race, I would offer that this is one of the most important Supreme
Court elections in recent history.
Will the Michigan Chamber and the money interests buy the court once
again or will each of us have a fair chance at justice? John Rawls, a
legal philosopher and author of “A Theory of Justice“ posited the
question of what form or system of justice serves all of us equally?
His answer was simply, one that you would agree to join and be part
of, blind to whatever role you or others would play in it. Meaning,
you would agree to be subjected to it, not knowing whether you would
be a defendant, a prosecutor, a civil litigant, a defense lawyer, a
witness or a judge. All roles would be equally just in expectation.
Unfortunately, in recent history, that has not been the case in
Michigan. In the last election, the tide started to turn with the
defeat of Justice Clifford Taylor.
This year, the people of Michigan have an opportunity to turn away
sitting Justice Robert Young. We cannot underestimate the importance
of moving him to retirement. We need to elect humble individuals who
serve each of us regardless of our status in life, our bank account or
our political beliefs.
Our Supreme Court, as all our courts, need to be based upon concepts
and principles of fundamental fairness. Please vote the non-partisan
ballot and please vote for Justice Tom Davis and candidate Judge
Denise Langford Morris. Each of these individuals reflect the
philosophy of John Rawls, each live lives of fundamental fairness.
Please do not underestimate how important this vote is to you and to
the people of Michigan.

Michael H. Dettmer • TC


TCL&P: Proposal 1

Vote YES
I have had the pleasure of probably attending more Traverse City Light
& Power (TCL&P) board meetings than anyone else in the public over the
past few years. More of you should show up and get involved: public
participation is important. The board needs to know you are interested
and paying attention, and they also need to value your input.
For the most part I have found board members to be intelligent,
hardworking, and dedicated to the goals of TCL&P. No one should
criticize them unless you are ready to take their place and do the
immense amount of homework required to do this job. It’s not easy
work and I commend them for their effort.
But the overall process could be better. There are legitimate
questions of transparency and reacting to the public they serve. I
believe there is a role for the Traverse City Commission to play in
guaranteeing that the work of this public utility is carried out in
public.
And I believe there is a role for the existing board to continue their
fine work in grinding through the due diligence process and making
policy recommendations to the city commission so that elected
officials become the place where the buck stops. It is unfair for the
existing appointed board to face harsh criticism that should be
reserved for elected officials.
I base my opinion on personal experience, but also in speaking with
two municipal utility professionals. Glenn Cannon was the former head
of the American Public Power Association and the CEO of a municipal
utility in Iowa. Glen reported to me that about half of the muni’s in
the country work under a commission and half are independent. Some of
the independents have elected board members that create that level of
ultimate accountability. What this says to me is that more municipal
utilities have elected officials as the final decision-makers.
I also spoke with Pageen Hanrahan, former mayor of Gainesville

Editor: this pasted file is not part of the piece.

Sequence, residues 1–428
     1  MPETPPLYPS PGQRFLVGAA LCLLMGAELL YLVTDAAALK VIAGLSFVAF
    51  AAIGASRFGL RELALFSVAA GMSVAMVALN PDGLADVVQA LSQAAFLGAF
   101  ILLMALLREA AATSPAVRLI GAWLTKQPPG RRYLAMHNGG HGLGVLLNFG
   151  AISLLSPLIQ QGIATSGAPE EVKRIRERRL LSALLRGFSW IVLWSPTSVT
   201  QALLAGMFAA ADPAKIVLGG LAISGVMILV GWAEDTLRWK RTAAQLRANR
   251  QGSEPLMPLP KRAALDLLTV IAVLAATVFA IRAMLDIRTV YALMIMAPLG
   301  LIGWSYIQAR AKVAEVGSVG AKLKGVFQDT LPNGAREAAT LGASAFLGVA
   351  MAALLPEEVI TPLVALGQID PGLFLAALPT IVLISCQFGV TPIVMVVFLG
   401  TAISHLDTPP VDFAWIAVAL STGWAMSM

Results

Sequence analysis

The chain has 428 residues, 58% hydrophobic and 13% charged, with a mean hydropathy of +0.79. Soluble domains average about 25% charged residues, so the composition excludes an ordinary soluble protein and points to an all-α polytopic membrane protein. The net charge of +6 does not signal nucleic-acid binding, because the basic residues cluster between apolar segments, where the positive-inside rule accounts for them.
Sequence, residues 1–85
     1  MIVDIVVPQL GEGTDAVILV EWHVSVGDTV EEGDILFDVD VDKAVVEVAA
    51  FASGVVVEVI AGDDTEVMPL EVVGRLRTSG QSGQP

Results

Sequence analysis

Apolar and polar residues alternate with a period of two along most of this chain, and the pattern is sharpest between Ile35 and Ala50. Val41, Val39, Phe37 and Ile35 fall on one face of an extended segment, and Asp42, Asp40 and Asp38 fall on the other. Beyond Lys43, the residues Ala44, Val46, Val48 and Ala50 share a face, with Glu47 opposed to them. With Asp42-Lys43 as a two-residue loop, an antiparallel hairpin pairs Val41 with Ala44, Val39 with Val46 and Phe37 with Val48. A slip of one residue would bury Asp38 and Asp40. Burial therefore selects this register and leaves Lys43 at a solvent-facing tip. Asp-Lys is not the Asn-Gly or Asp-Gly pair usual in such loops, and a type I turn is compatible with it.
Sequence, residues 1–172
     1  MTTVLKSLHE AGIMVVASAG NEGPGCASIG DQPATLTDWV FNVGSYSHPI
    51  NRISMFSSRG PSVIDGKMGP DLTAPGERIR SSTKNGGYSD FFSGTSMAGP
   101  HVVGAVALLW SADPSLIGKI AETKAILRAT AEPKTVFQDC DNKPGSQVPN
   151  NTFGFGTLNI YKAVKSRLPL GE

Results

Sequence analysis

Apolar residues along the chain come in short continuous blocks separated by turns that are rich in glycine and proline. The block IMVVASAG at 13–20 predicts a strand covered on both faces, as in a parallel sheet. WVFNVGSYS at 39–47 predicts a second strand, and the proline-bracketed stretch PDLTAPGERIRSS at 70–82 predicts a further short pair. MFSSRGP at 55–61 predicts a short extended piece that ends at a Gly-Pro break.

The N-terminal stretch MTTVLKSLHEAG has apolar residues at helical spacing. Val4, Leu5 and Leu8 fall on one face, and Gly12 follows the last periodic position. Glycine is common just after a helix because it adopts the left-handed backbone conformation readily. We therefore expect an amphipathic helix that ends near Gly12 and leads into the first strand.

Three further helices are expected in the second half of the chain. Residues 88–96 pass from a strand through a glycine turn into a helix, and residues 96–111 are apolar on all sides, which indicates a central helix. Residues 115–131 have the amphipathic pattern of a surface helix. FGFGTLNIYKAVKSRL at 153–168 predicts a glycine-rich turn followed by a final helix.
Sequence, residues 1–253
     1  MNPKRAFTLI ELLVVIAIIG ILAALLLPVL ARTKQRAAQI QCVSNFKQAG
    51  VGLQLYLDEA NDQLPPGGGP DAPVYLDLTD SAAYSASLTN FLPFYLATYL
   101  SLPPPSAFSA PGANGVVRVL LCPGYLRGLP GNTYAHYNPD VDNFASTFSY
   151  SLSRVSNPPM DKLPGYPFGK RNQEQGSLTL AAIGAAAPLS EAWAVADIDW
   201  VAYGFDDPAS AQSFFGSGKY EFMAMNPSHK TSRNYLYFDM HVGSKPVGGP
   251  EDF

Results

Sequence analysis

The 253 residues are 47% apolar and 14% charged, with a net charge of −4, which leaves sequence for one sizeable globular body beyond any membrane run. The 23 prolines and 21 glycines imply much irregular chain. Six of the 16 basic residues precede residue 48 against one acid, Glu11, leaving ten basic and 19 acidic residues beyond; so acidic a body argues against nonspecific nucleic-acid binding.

Florida, where the municipal utility answers directly to the city
commission. Pageen firmly believes that in order to get the best
performance out of a municipal utility, elected officials have to be
the final decision makers. Gainesville leads the southeast part of the
country in energy deficiency measures and their Feed-in Tariff program
is gaining international notoriety, not to mention tremendous local
economic benefits. And their programs enjoy a 79% approval rating
from the residents.
TCL&P ratepayers should vote to support Proposal 1, and they should
support TCL&P. Having a municipal utility in your town is a
tremendous asset. It has the ability to provide a level of service far
above that of any other form of utility. Adding another layer of real
accountability while maintaining the role of the existing board is one
more step to being a world-class utility in a world-class community.

Tom Karas • Michigan Energy Alternatives Project.

Vote NO
Slogans might sound noble, but attaching ideas to them does not
somehow make them accurate. Shrewd politicians will use them as hype
to hook people.
Look past the emotional catchphrase to discover that reality is far
different from what the author of “power to the people” proposals 1&
2, would like you to believe. Having lived and worked in the Traverse
City region, I find it surprising you are considering a ballot
initiative to re-write a portion of the city charter, which could be
quite divisive.
Petition signers were not told they were disenfranchising at least 33%
of TCL&P customers just by getting these proposals on the ballot.
They were also not told that the author of proposals 1 and 2 admitted
to having a grudge with the TCL&P board stemming from an incident in
the 1990s. (Traverse the Magazine, Nov. 2010)
Were you also unaware that the checks and balances in place now, will
be replaced by a system where 4 of 7 city commissioners will be the
ones deciding your utilities everyday future. ( 5 of which think
these proposals are a bad idea -The Record Eagle; Oct. 17, 2010).
So the voting choice is clear:
Voting yes means that a local politician’s grudge gives management of
your utility to a city commission that doesn’t want it, while
depriving 4,000 customers the influence they currently have with city
resident voters.
Voting no means all customers remain equal owners and participants of
their community utility. The community process has worked time after
time and should not be scuttled.
Vote NO on proposals 1 and 2, and “don’t fix what’s not broken”...
how’s that for a slogan?

Ronald Cobley Former TC resident

 
  • Currently 3.5/5 Stars.
  • 1
  • 2
  • 3
  • 4
  • 5
 
 

 

 
 
 
Close
Close
Close